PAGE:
Balance is something Howeson mentions frequently. Her first experience of hat-making was as a hobby, an evening class with the milliner Edwina Ibbotson which “kept [her] sane” when she was working as a solicitor. She describes designing as “a wonderful release, an amazing contradiction to sitting there doing your accounts.” When I ask how she spends her free time now, she laughs. “It’s funny, because sewing used to be my time out and now it’s my job. I don’t sew in my spare time, put it that way.”

So what made her choose hats? “As soon as they find out what I do, people immediately say, ‘Oh, Ascot must be your biggest time’ – it’s amazing how strong the association is. But the more I learnt about the industry, the more I thought there was a gap in the market for bringing hats back into everyday wear.” She thinks for a moment. “Everyone has a story about hats; they remember what their grandmother used to wear, or they treasure one of their grandfather’s hats. Our real mission is to get people seeing them in the here and now.” Claire’s own story concerns her grandmother, who used to be a costume designer for film. “She always had hats in her drawings that just balanced all the outfits beautifully. That’s what I love about the hat, the overall silhouette that it creates, how it can balance out a body shape, balance out the length of your hair, the boots that you’re wearing.” So we come back to balance once again.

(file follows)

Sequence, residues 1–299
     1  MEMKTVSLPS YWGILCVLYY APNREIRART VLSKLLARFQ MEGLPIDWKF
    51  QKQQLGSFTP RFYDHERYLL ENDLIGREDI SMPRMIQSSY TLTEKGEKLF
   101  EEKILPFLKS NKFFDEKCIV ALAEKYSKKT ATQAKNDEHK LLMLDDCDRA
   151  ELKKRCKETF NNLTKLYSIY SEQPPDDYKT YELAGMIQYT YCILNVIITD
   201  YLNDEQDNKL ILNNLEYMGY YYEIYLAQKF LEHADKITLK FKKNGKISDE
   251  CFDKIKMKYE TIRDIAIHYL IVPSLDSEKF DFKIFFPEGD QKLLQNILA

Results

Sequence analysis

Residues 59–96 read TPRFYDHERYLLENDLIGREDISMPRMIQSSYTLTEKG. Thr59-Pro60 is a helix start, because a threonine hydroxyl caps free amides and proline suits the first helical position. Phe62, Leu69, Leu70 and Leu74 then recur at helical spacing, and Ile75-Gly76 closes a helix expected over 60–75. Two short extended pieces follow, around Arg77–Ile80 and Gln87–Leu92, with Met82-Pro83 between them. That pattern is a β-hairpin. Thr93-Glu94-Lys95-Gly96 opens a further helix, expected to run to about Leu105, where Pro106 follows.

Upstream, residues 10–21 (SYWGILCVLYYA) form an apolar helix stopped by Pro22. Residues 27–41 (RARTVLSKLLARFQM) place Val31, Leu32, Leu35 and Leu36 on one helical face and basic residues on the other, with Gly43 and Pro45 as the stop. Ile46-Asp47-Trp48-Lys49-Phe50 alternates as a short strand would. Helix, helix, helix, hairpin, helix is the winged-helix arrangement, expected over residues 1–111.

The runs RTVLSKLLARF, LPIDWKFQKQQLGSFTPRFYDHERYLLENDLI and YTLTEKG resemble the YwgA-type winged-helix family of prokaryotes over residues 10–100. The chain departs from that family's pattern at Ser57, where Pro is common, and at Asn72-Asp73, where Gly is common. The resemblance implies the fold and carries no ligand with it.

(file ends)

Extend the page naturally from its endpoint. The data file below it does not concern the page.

Willow Fedora, £349. Buy now